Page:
7. Pretend you just paid an overlord and saved the world. No one needs to know it was a credit card payment.

8. The floor is lava! Oh, I'm sorry, I thought your desk was the save zone ...

9. Roll down the nearest hill until you can't stand up. Nothing can get too serious if it's too wobbly to focus on.

10.  GO OUTSIDE. Seriously, your desk isn't doing you any favors.

Sing at the top of your lungs, laugh with abandon, hug because you want to, dance because you feel like it and forget that anyone else exists in the world. Candy, Disney movies, running barefoot and the ability to plug your ears in the event of bad news. Box mazes, finger puppets, ridiculously sugary cereals that cannot possibly have any nutritional value and an imagination with the ability take you anywhere at anytime.

You really are only as old as you feel, everything else is just noise.


Monday, April 28, 2014

Of Loss and Love

I still remember the day I met Dani. She was a tiny thing, but only in body. She was fascinating and beautiful and I regarded her with curious awe. She spoke of ballet and neuroscience, of an obsession with Dr. Pepper and McDonald's, of Korea and Haiti and her journey, just beginning, at Peace Corps Ghana. And I thought to myself, with an ounce of jealousy that I wasn't enjoying Dr. Pepper or McDonald's in that moment, that this tiny woman and I were going to be friends.

Today marks the one year anniversary of her death, a life given in service and taken away by Malaria. My prediction was right, by the way. She became a sister to me - bonded by music and dance and a streak of independence that left us drooling after Beyonce and declaring one another a 'boss.' As in, 'If he ain't steppin' up, drop it like a boss.' We were fierce.

I remember her death like it were yesterday, clamoring to keep myself together and failing miserably. I remember planning her memorial and showing up with endless cakes and cupcakes because, I half-joked, I was baking my feelings. It wasn't the baking that helped, of course, but the loving support of countless people Dani had managed to touch. The sorrow we felt was deep, but the love we felt much deeper. The day we said goodbye was the day each of us began a new life dedicated to living a little more like Dani every day.

Without a doubt, Dani changed me; she changed everyone she met. She was the kind of person I was grateful to know in life, whose passing wasn't necessary to the recognition of her importance. I wish I'd had more time, that I'd been able to visit her in Atlanta and witness what would have been an amazing life. I would have liked to have grown old with her; I celebrated three birthdays in Ghana and Dani was there for each one. Whether she was writing me into the Ghana AIDS Project constitution or explaining the finer points of twerking, she was always a surprise - a delightful, thoughtful, intelligent role model for anyone within arm's reach.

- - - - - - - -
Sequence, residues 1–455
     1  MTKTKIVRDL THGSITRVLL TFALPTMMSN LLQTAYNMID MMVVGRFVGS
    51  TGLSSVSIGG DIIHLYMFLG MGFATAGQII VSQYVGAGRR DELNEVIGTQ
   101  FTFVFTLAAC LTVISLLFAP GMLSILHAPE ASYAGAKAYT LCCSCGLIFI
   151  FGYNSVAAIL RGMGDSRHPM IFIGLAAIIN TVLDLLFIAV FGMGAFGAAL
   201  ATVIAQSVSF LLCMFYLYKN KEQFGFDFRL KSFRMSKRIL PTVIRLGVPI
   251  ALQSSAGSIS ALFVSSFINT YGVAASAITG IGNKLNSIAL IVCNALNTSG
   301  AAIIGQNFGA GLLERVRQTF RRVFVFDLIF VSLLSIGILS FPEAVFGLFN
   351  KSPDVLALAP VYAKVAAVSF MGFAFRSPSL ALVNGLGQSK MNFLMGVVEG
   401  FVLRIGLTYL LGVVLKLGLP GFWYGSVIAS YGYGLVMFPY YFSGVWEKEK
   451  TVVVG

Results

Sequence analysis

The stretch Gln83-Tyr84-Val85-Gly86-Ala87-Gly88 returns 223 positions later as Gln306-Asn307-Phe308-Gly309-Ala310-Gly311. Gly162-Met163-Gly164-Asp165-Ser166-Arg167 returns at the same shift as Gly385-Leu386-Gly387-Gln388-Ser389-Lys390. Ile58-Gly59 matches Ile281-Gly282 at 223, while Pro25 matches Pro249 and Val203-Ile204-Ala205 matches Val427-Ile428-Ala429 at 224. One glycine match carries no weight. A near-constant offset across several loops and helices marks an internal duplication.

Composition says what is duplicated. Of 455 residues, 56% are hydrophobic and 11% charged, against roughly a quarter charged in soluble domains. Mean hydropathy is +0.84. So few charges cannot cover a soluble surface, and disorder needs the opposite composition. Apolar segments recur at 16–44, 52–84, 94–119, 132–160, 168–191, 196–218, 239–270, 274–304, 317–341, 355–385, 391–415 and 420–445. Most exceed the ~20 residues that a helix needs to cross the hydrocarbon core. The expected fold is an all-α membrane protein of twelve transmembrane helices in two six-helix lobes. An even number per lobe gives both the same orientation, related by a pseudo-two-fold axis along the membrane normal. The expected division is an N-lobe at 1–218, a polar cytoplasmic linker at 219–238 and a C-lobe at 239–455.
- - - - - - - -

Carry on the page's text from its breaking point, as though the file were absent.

In her memory I strive to have compassion at all times, to greet everyone I meet with love and laughter, to dance when I want to dance and to own my strength without apology. We used to talk about forgiveness and empathy, about the heart's struggle with the ego, and now that those conversations exist only in memory I try, each day, to be the person we discussed so often. She managed to make me a better human being, to inspire me to live up to my potential, and her legacy, taken and held by those who loved and knew her, only continues to grow.

My thoughts are with her family today, with each of us facing the bittersweet combination of welling eyes and quivering smiles. Sadness comes in waves, but mostly I feel love - an incredible lightness of being - because she continues to shape a world she left much better. She lives through us, through our actions and our words, through our endless dedication to her memory, which means that she still lives. She may only be one tiny, Dr. Pepper drinking, independent, Beyonce loving part of me, but she's there always.